Why activist Allie Young is stepping up to protect Navajo Nation: 'Our cultures are in danger of being wiped out'

Brittany Jones-Cooper
·Reporter
·4-min read

When the pandemic made its way to Navajo Nation, Allie Young found her mission.

“We’re still mourning our loved ones who should still be here. They were preventable deaths,” Young tells Yahoo Life about the many Navajos who died COVID-related deaths. “It’s about protecting what we have left. And we always say the little we have left because our people, our languages, our cultures have been decimated since first contact.”

Young was born in Navajo Nation, and moved back to stay with family during the pandemic. In March 2020, she founded “Protect the Sacred,” a grassroots initiative to educate and empower Navajo Youth, and young people throughout Indian Country.

As COVID made its way across the country, Navajo Nation (which includes land in northern Arizona, New Mexico and Utah), prepared the best it could. Members had to follow strict lockdown orders and a mask mandate was implemented. Despite their efforts, the virus continued to spread, and at the height of the pandemic, Navajo Nation had the highest per capita infection rate in the U.S.

Young says the Indian Health Service, which has long struggled with funding, struggled to keep up.

“We’re supposed to receive quality healthcare for being pushed onto reservations, but that hasn’t been the case. And the pandemic has revealed how broken the infrastructure is in our healthcare system,” says Young.

When the stimulus package was announced, the Trump administration didn’t initially include Navajo Nation. In June, a federal judged ordered the Treasury to distribute $679 million in COVID-19 relief to tribes after it was withheld for months.  

“It delayed funding to tribal nations,” says Young. “That’s why we stepped in as ‘Protect the Sacred,’ and my relationship with Mark Ruffalo helped tremendously to get the word out. We started a campaign called ‘Navajo Strong,’ and released some PSAs, and calling out to medical volunteers to come to the Navajo Nation. Bringing in funding and also PPE to the reservation because there was not enough.”

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One of the main missions of Protect the Sacred is to preserve the culture and language of Navajo people. With the virus disproportionally affecting older citizens, Young spread education on how to protect tribal elders. She sees their role in Navajo Nation as one that is irreplaceable.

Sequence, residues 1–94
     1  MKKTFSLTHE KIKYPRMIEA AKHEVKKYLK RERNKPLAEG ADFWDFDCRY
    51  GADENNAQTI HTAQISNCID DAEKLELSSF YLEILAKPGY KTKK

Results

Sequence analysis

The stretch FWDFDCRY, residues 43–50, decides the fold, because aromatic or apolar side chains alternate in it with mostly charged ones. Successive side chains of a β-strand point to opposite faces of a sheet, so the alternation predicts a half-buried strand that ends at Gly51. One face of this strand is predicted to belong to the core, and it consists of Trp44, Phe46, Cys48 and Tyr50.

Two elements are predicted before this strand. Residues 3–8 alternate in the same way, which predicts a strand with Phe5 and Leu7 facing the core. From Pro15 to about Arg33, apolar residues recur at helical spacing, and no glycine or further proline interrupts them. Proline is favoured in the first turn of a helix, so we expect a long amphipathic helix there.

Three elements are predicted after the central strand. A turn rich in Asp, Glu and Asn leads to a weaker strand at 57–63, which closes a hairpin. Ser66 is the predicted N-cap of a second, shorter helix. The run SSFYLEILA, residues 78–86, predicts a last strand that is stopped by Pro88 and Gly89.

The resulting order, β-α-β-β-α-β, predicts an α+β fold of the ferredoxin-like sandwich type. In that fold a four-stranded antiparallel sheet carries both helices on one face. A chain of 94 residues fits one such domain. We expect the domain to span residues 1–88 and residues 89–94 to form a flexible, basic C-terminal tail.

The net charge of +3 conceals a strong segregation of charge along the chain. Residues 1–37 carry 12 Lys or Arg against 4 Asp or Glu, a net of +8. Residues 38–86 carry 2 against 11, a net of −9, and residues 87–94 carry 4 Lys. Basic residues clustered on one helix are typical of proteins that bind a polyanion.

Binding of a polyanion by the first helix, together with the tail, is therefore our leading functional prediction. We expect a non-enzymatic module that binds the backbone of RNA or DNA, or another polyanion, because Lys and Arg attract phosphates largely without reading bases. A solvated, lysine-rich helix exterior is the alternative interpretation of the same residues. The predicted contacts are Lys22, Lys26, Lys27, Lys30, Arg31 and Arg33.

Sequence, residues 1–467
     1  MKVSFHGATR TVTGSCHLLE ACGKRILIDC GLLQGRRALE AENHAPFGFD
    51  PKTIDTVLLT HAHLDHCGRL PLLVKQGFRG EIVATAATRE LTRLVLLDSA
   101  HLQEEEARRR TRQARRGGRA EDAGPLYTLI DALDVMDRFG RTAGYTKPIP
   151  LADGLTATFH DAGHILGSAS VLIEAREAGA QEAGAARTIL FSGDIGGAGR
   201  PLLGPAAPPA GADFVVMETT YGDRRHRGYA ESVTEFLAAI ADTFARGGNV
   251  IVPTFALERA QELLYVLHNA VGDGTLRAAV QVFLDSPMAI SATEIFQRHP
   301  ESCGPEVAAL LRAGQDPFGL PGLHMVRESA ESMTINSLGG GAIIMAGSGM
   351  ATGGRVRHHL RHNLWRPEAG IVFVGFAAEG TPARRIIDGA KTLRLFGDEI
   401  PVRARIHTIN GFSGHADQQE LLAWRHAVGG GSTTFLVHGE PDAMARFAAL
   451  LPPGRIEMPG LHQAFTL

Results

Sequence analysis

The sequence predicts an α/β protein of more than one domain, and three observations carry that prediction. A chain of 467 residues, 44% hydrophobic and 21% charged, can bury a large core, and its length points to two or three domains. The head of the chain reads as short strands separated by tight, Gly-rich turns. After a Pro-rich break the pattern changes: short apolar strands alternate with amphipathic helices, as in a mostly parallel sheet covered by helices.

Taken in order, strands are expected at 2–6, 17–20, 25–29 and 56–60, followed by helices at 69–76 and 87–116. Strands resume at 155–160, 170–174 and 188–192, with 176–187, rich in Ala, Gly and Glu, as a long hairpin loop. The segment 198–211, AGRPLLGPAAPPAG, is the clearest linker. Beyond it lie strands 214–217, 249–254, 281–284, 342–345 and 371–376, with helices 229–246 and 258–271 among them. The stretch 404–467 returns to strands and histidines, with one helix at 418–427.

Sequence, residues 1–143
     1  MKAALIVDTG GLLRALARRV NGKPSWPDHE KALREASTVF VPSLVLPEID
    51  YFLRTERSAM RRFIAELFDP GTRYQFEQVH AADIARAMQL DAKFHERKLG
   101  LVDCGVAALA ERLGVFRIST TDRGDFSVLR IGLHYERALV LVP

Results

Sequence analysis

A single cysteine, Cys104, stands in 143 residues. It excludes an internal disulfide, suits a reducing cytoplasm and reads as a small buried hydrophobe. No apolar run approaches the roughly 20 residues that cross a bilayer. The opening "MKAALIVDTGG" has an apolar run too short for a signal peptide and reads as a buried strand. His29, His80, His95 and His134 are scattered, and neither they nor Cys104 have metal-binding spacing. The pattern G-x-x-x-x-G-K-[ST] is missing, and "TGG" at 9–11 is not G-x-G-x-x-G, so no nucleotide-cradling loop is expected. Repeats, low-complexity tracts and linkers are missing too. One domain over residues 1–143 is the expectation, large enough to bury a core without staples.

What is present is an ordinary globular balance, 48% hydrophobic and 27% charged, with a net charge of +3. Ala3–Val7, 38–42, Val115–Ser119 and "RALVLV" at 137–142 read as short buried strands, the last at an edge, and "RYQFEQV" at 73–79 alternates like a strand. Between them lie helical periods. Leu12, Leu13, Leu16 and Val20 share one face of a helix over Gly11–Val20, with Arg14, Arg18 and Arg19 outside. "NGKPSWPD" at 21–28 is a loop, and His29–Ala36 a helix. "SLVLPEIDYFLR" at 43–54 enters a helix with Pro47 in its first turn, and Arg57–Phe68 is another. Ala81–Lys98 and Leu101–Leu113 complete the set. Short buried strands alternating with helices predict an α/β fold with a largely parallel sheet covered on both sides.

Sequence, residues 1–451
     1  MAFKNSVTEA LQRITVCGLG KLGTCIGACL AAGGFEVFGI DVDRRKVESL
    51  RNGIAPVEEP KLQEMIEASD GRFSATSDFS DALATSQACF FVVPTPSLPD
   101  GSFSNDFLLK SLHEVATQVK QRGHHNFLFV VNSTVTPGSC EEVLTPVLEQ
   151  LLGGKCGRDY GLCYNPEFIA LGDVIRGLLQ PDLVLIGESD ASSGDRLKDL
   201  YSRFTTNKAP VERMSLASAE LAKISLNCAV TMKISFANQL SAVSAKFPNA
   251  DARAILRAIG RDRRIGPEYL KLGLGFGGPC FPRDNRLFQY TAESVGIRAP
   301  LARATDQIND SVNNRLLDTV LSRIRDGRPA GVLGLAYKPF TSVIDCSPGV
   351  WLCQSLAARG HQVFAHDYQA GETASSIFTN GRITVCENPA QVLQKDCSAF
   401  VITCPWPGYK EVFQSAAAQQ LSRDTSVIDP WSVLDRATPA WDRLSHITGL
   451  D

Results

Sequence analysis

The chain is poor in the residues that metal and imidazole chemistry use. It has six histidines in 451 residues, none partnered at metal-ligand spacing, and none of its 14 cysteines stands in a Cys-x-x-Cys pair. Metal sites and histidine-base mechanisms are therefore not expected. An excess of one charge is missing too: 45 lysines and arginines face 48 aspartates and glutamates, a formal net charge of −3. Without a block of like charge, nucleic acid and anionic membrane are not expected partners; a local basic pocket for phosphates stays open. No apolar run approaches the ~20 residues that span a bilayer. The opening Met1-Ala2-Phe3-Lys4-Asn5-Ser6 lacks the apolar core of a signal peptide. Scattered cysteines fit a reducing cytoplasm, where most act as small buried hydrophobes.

“I do think that our cultures are in danger of being wiped out. Our elders are the culture bearers, they are the fluent language speakers, and they're the ones that we’re still learning all of this knowledge from," says Young. 

Young’s family had their own scare when both of her grandparents were diagnosed with COVID-19. She says their faith and culture helped to pull them through. “For our people, it comes down to having faith, and that’s what we really had to lean into — our culture, our faith in mother earth and creator, in our medicine ways, our herbs and the way that we pray. And that’s exactly how my grandparents fought the virus.”

Both of Young’s grandparents have recovered from the virus and received the vaccine. In fact, of the 175,000 residents living in Navajo nation, more than 95,000 have already been vaccinated. The Federal Indian Health Service started supplying vaccines to tribal health providers back in December, and the rollout has been quick and overwhelmingly effective

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While hope in the form of a vaccine has arrived, Navajo Nation remains vigilant in protecting residents from COVID-19. On April 6, epidemiologists confirmed that a patient with a new variant of was confirmed in Navajo Nation.

Some local businesses have re-opened in limited capacity, but many in the community will continue to wear masks and socially distance. With families still spending time at home, Young is encouraging Navajo youth to use that time to reconnect with their grandparents.

“Learn our language. Learn simple phrases in Navajo and post that on Tik Tok or Instagram like many other young Indigenous people,” said Young. "We think about our elders and all of what our ancestors have been through for us to be here today. And then we think about our youth and future generations. I’ll do anything for my people."

Video produced by Jacquie Cosgrove

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